Digital detox

In Defense of Boredom

minds matter

Sree Mitra

May 2, 2024

Author: Dr Steve Hickman

How many times in your childhood did you find yourself complaining (in that oh-so-familiar plaintive whiny tone): “I’m borrrrrred!” In the back of a car on a long trip, on a rainy day, or in a gathering of gossipy adults. It was always uttered in an imploring tone that implied that someone else needed to provide some stimulation soon or we might very well spontaneously combust. 

One definition of boredom is “the feeling of dissatisfaction or restlessness that arises when the mind and body lack stimulation or engagement.” It’s hard to imagine how one could be bored with the pervasiveness of stimulation that comes from all forms of screens right at our finger tips.  

But what if we thought about boredom as an important life skill instead of something to be avoided like the plague?

So much of what captures our attention is simply distraction or stimulation for its own sake, and designed to get us to watch, click, share and follow. But all this activity is in the service of doing something OTHER than what we are actually doing! What’s so wrong with the present moment that we need to be catapulted out of it by cat videos?

What if, periodically and intentionally, instead of going down the rabbit hole of checking email, texting friends, or scrolling social media, you simply paused and did nothing for the same stretch of time you were about to flush away into the digital ether? Imagine what you might learn, invent or discover by simply spending a little quality time with yourself and your incredibly human mind.

When artists do this they create poetry, sculpture and music. Scientists formulate hypotheses, solve problems and generate important questions. Philosophers muse. Children invent invisible friends, transform blankets into magic capes and have fantastical tea parties. 

A comedian once noted that his wife complained about how much he changed the channel, and he had to explain to her that “for us men, it’s not about what’s on, but about what else is on.”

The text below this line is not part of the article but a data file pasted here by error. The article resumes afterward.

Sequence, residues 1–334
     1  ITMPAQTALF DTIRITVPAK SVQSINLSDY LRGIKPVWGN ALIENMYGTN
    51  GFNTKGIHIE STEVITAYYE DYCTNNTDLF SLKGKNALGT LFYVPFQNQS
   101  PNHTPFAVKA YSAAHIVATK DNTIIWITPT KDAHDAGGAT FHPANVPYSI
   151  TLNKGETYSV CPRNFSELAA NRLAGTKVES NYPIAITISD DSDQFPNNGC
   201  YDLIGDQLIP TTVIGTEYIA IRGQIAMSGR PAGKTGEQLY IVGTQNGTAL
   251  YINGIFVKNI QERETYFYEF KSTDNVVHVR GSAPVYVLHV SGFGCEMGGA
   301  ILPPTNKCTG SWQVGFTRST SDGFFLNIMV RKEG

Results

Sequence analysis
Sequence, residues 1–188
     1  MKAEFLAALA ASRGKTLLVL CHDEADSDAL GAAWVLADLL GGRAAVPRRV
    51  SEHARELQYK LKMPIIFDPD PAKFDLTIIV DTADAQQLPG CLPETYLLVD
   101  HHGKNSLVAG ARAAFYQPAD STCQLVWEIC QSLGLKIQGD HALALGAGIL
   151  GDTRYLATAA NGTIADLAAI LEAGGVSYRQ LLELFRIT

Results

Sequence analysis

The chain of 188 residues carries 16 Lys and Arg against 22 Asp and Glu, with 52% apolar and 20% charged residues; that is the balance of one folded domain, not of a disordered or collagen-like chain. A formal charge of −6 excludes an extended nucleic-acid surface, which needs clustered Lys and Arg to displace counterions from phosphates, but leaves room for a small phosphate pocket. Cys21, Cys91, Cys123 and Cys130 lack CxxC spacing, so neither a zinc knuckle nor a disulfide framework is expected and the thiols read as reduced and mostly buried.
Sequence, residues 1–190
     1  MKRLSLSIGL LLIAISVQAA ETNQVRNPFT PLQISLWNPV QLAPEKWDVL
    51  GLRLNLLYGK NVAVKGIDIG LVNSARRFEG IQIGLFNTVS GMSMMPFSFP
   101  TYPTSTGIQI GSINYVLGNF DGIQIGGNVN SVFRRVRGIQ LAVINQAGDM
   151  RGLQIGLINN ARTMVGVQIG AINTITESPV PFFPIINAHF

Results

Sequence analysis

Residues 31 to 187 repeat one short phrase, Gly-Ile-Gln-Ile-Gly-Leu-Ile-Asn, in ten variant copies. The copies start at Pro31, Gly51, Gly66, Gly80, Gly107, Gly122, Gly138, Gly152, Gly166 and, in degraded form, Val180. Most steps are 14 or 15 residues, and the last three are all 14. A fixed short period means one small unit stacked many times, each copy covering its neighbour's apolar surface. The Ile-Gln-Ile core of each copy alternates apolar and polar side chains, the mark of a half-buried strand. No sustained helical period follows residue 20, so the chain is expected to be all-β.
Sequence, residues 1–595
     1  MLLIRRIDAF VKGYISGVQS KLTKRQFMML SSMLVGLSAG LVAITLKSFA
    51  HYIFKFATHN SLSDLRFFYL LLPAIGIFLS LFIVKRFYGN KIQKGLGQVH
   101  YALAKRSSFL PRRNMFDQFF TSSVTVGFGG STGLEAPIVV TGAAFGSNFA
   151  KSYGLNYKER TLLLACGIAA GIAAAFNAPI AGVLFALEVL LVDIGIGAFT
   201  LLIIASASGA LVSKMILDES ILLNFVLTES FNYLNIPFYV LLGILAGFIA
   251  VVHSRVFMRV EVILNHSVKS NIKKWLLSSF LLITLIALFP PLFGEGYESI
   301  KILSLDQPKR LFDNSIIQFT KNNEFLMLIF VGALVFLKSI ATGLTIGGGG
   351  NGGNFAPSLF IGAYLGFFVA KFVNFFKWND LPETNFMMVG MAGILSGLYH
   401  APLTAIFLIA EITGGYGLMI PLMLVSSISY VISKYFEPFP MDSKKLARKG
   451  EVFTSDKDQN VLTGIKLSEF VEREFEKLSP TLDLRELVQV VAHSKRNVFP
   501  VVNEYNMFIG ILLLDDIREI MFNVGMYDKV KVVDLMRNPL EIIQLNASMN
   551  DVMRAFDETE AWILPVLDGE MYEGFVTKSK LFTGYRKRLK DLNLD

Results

Instead of relentlessly channel-surfing our lives, we can take the time to settle in to this channel and see what is right in front of us, instead of what else we can find to occupy our attention.

Digital detox and embracing boredom

There is a lot of talk these days about taking a “digital detox” which may sound a lot like checking yourself into a rehab facility, but might very well be worth considering. According to research from the Nielsen Company, the average U.S. adult spends around 11 hours each day listening to, watching, reading, or interacting with media. There is growing evidence that overuse of digital devices can have a direct negative impact on your mental health, your ability to get good sleep, form solid social relationships and find the right balance between work and personal life.

According to Kendra Cherry, MSEd, if you are feeling any of the following, you may benefit from taking a break from technology:

  • Anxious or stressed out if you can’t find your phone
  • Compelled to check your phone every few minutes
  • Depressed, anxious, or angry after spending time on social media
  • Preoccupied with the like, comment, or reshare counts on your social posts
  • Afraid that you’ll miss something if you don’t keep checking your device
  • Finding yourself staying up late or getting up early to play on your phone
  • Trouble concentrating on one thing without having to check your phone

The hardest part of a digital detox can be the prospect of being bored, so give yourself permission to start small, with realistic expectations for how you can take a break throughout your day, rather than going cold turkey for long stretches. Sometimes a digital detox can simply mean setting firm limits for yourself as to when and for how long you will engage with your device. This can mean something as simple as not using it during mealtimes, or resolving to not use your phone in bed.

Think of these periods when you are off technology not as wastelands of interminable boredom, but opportunities to pay attention to your surroundings, your body and your thoughts.

According to Tolstoy, our human minds tend toward having a ‘desire for desires’. It isn’t always easy to tolerate just ‘doing nothing’. But when we do, we feel more alive, engaged, creative, and connected to others. All well worth the effort of tolerating a little boredom.

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